The role of inspection in the fight against corruption

The study “The role of inspection in the fight against corruption” was presented today at a press conference, at the Center for Civic Education (CCE), by its authors Boris Marić and Tamara Milaš. The study was a part of the project “Inspection against the corruption”.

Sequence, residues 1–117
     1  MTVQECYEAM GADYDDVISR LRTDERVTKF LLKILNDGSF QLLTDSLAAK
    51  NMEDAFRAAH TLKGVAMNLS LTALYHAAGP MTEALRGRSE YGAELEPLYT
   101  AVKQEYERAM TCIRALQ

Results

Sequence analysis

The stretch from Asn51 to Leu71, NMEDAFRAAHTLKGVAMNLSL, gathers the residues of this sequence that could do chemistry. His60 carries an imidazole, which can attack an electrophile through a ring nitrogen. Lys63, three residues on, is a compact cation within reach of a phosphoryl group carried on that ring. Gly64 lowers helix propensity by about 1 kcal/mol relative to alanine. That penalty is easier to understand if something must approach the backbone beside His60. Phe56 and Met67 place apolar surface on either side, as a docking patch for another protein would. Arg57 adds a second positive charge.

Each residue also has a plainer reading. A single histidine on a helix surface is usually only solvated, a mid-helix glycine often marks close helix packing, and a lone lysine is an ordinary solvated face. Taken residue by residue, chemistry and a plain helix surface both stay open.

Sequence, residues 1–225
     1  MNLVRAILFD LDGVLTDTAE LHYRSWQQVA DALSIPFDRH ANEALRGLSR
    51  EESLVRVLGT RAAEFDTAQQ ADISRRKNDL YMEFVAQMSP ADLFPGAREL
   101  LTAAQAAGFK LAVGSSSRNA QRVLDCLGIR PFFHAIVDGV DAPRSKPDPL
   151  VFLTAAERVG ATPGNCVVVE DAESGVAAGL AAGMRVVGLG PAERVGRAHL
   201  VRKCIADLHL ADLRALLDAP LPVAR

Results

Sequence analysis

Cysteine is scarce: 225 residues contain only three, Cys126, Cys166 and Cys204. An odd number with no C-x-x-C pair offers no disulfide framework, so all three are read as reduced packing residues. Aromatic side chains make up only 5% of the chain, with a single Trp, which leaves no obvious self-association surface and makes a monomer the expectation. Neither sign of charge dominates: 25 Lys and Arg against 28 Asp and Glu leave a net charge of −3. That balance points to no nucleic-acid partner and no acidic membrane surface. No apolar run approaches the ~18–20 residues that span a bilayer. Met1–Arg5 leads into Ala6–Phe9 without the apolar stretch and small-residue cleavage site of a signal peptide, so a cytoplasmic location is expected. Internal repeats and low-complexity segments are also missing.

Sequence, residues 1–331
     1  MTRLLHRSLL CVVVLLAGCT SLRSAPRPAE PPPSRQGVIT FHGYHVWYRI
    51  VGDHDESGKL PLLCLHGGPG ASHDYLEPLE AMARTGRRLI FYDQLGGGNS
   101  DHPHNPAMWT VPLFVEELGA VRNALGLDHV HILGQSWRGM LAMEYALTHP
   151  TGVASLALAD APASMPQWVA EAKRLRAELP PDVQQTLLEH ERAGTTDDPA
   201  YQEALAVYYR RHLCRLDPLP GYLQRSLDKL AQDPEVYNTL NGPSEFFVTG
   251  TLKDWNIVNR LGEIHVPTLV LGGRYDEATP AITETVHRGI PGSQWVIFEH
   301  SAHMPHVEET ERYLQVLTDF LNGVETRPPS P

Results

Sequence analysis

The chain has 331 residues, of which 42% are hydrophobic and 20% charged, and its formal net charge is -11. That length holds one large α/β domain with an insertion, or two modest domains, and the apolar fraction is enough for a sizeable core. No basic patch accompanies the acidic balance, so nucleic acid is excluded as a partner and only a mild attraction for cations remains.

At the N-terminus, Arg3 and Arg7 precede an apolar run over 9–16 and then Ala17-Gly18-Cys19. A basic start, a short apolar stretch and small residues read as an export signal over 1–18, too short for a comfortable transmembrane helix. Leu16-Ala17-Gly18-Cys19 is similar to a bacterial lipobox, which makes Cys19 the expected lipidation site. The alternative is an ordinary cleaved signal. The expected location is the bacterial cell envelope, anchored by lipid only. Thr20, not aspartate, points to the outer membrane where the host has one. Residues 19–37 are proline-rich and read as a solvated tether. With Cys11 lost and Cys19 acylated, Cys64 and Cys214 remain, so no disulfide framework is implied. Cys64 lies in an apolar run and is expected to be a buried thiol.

Tamara MILAŠ, programme assistant in the CCE, assessed while presenting the study that “Administration for Inspection Affairs, by the nature of its jurisdiction, is one of the key bodies of whose impartiality and professionalism depends effective fight against corruption and often in the form that most directly affects citizens.” Milaš emphasized that at the same time it is “the body of high risk for the appearance of corruption in its work, which raise the need to specially treat elaboration of integrity with a focus on the possible political influence in the internal regulations of the Administration”. She pointed that the Administration, since its establishment, has less inspectors than planned by the systematization, and that the inspectors are significantly administratively burdened that narrows the space for their professional work.“In the domain of eliminating irregularities inspection rather uses repressive than preventive authorities, as evidenced by the data which indicate that during 2013 138,558 inspections were conducted, 72,008 of which are related to internal monitoring based on the work programme and initiatives in which it found 33,433 irregularities and issued 14,671 misdemeanor warrants. The total financial effects of inspection in 2013 were 6,443,798.82 EUR. This is not sustainable on long term. In addition to this, in communication with the CCE citizens have indicated a selective approach of inspections and the absence of any feedback when they report illegal actions in the domain of the Administration for Inspection Affairs” stated Milaš. In this part, she pointed out that part of the recommendation of the CCE goes in the direction of strengthening of the preventive function of inspection conduct, while the repressive one should be used only in exceptional cases, as well as establishing clear responsibilities for the Administration for Inspection Affairs that citizens who submit applications get feedback as soon as possible concerning the measures taken and findings of the performed inspection.